Division Bench of Apex Court has referred to a larger bench the question on applicability of doctrine of mutuality to clubs after the 46th amendment to Article 366 (29A) of the Constitution of India. The following questions were framed in State of West Bengal vs. Calcutta Club Limited.
In the instant case, the West Bengal Taxation Tribunal, had accepted the contention of Calcutta Club Limited that there could be no sale by the respondent-Club to its own permanent members, for doctrine of mutuality would come into play. The Tribunal held that the club was not liable for payment of sales tax under the West Bengal Sales Tax Act since supplies of food, drinks and refreshments by theclubs to their permanent members cannot be treated as 'deemed sales' within the meaning of section 2(30) of theAct. The Tribunal also found that the payments made by the permanent membersare not considerations and in the case of Members' Clubs the suppliers and the recipients (Permanent Members) are the same persons and there is no exchange of consideration. The High Court upheld the view adopted by the Tribunal.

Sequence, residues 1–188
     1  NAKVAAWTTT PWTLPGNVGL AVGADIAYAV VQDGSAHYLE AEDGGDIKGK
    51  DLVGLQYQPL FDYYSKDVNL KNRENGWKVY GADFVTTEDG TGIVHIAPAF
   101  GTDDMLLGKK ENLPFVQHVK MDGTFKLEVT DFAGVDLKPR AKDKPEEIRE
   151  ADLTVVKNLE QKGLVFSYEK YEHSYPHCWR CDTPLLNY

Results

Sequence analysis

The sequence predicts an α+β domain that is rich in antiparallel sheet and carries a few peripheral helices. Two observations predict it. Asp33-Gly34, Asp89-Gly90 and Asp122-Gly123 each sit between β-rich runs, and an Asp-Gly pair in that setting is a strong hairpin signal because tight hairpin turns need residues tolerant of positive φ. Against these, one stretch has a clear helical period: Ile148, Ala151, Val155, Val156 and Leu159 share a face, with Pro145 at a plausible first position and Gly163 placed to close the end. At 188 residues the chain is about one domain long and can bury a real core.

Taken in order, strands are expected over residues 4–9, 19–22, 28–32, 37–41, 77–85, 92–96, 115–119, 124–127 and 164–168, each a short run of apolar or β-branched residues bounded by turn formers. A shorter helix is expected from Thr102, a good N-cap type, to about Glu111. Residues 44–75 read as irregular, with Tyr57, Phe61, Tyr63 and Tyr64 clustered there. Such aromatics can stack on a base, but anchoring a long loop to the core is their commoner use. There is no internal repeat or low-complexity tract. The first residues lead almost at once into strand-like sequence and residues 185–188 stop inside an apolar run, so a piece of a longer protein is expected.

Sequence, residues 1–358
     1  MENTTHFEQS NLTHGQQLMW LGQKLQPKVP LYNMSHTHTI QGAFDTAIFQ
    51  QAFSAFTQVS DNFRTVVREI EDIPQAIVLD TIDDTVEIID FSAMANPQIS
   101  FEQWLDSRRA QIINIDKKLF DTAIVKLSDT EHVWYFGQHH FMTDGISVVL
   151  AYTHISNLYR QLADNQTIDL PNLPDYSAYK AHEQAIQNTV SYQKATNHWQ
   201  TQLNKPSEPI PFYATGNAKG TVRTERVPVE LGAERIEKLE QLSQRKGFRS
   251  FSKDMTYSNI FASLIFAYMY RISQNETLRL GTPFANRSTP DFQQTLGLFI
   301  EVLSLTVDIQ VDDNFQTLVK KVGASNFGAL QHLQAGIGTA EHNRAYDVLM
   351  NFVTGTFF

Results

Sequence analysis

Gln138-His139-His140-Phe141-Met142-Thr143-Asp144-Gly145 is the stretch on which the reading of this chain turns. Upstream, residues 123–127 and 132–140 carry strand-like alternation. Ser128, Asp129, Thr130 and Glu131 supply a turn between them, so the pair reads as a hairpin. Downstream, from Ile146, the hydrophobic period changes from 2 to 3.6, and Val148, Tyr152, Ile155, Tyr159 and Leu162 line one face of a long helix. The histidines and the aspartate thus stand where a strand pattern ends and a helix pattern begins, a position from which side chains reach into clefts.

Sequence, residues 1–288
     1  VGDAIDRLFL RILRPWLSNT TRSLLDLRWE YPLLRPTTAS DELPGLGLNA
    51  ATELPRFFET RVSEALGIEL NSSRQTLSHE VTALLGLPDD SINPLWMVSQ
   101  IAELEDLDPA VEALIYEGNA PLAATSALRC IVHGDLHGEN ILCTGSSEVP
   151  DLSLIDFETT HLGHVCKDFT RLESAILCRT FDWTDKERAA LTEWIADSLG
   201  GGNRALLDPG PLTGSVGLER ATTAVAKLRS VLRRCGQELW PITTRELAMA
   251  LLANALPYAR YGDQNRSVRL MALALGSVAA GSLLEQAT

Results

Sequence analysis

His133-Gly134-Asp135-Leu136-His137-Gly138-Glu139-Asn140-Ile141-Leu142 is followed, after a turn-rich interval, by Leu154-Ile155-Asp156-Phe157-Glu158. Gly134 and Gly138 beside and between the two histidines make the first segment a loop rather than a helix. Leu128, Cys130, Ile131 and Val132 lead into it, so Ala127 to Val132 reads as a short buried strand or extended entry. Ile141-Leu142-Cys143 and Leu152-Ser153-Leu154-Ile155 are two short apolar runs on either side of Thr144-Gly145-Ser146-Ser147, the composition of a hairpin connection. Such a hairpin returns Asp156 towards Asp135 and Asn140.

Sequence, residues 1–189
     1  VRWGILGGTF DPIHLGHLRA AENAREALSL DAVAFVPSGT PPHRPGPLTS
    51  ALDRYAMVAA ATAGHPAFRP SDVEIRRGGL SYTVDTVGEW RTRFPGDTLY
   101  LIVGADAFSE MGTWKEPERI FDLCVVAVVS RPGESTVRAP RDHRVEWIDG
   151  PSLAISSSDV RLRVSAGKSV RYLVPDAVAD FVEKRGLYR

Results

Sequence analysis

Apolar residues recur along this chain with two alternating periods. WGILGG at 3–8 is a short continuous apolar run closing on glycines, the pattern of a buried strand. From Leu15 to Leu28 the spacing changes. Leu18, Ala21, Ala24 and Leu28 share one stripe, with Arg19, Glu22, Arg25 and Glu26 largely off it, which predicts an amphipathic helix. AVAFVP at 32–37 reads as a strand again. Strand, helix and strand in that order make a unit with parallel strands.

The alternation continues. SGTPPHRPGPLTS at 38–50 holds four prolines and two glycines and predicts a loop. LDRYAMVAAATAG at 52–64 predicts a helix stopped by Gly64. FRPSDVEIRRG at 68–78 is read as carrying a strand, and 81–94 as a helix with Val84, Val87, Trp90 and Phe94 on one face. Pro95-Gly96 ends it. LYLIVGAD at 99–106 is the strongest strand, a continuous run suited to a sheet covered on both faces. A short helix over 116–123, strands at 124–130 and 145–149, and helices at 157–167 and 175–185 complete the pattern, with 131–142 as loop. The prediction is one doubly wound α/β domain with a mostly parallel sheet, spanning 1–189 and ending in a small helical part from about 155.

The State, appealed before the Apex Court and contended that Clause (29A)(f) of Article 366 of Constitution clearly lays a postulate that when there is a supply by way of or as a part of supply of food or any other article for human consumption or any drink whether or not intoxicating for supply or service, for cash or deferred payment or valuable consideration would amount to deemed sale.
DOCTRINE OF MUTUALITY
Doctrine of Mutuality is predicated on the principle enunciated in Styles v. New York Life Insurance Company16 by Lord Watson in the following words:- “When a number of individuals agree to contribute funds for a common purpose, such as the payment of annuities or of capital sums, to some or all of them, on the occurrence of events certain or uncertain, and stipulate that their contributions, so far as not required for that purpose, shall be repaid to them, I cannot conceive why they should be regarded as traders, or why contributions returned to them should be regarded as profits.”
Read the Judgment here.